Every now and then we are asked by clients or potential clients whether we can help them conduct a KM Maturity Assessment. We are always very cautious about this, for the following reasons.
We have used KM maturity models in the past, but I (along with others) am quite sceptical about their utility as KM assessment and planning tools at the start of a KM journey. There are two major reasons for this:
(a) A generic assessment instrument takes a very templated approach to what is a very unique set of needs in any given organisation and so it tends to focus attention on generic steps and solutions that may not be appropriate to the context of a specific organisation at a given time, and it tends to miss “outlier” activities that may be important to that organisation at that time. For example, a typical framework would stipulate the need for senior management buy-in. We have worked with organisations where senior management buy-in would have indicated as a positive in the assessment, but when it comes to intangible levels of support, the management culture of walking the talk is weak, yet not easily observable in a formal assessment. On the other side, we have seen organisations where senior buy-in was not present at the outset, but where solid KM progress was made in portions of the business, leading to the scaling up of support (and more progress) later on. It is very hard for a generic KM maturity framework to pick up these nuances in a formal assessment, and the sequence of stages in a KM journey varies widely across different organisations.
(b) The KM maturity landscape in large organisations tends to be uneven, with peaks and troughs – some parts are more mature than others. An organisation wide maturity instrument tends to even these out and produce an averaged out assessment that is not representative of the ground realities in the organisation, or the the peaks and troughs in the landscape. This means that the overall KM assessment may not be representative of the ground realities in the different parts of the organisation. On the other hand, trying to get a partitioned set of maturity assessments for the different parts of the organisation is a complex and onerous exercise. A knowledge audit is a much more effective instrument for identifying different needs and possibilities.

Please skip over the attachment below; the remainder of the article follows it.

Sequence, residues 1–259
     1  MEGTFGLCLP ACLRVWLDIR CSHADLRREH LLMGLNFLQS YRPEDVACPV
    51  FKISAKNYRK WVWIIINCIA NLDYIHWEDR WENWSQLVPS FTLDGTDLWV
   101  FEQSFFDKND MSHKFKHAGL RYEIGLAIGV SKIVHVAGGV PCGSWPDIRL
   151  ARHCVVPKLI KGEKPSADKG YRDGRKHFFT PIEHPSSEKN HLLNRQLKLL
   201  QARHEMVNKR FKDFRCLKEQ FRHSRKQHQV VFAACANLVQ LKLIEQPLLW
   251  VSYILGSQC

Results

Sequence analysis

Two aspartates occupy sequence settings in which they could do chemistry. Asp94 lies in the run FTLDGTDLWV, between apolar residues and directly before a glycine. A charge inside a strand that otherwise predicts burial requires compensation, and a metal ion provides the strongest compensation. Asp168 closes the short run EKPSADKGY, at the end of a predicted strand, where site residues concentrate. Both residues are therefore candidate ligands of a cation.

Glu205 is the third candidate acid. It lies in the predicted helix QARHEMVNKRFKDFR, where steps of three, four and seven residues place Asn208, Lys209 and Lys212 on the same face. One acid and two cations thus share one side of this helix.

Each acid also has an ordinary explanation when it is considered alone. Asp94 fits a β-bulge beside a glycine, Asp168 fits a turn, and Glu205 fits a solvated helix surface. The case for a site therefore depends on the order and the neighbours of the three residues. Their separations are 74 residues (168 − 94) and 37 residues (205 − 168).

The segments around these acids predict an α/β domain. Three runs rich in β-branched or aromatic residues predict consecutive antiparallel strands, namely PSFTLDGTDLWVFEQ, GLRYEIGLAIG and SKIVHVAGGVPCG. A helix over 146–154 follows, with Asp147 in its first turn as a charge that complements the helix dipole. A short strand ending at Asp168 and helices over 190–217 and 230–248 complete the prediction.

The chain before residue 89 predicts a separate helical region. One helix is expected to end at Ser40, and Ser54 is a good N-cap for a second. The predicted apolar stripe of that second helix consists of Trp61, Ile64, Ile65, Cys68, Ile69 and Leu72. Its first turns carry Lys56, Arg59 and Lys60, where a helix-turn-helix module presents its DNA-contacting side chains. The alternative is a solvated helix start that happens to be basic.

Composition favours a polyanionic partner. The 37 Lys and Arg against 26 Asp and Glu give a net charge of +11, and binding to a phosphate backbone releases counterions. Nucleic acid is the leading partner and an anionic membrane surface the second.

For our upcoming book, The Knowledge Manager’s Handbook, Nick Milton and I discussed at some length whether we should include KM maturity assessments as part of our section of measurement and evaluation, and decided in the end it was better to leave it out, for the reasons given above. For KM planning and monitoring purposes, they simply don’t function very well. Nick has a couple of nice blog posts giving his perspective on this. I suggest you start here.
Maturity assessments can be useful in some circumstances. For example, they can be useful to trace the maturity of specific KM initiatives such as a community of practice, where there is a great deal of data on the different stages that communities of practice go through – far more stable and consistent data than KM implementations in general. We have also built customised maturity assessment frameworks for clients based on their KM strategy and roadmap – in that case, the maturity instrument is customised to track what the KM strategy and vision intends to achieve over a given period, and so overcomes the “one size fits all” issue. However you still have to be careful about the “averaging out” effect where you might miss uneven levels of progress in different parts of the organisation.
In short, I don’t recommend using maturity frameworks at the start of a KM journey – a knowledge audit is much more effective at supporting a structured needs analysis and determination of goals and objectives. Maturity frameworks can sometimes be useful as part of a monitoring framework once the strategy is developed, but should be used with some caution.
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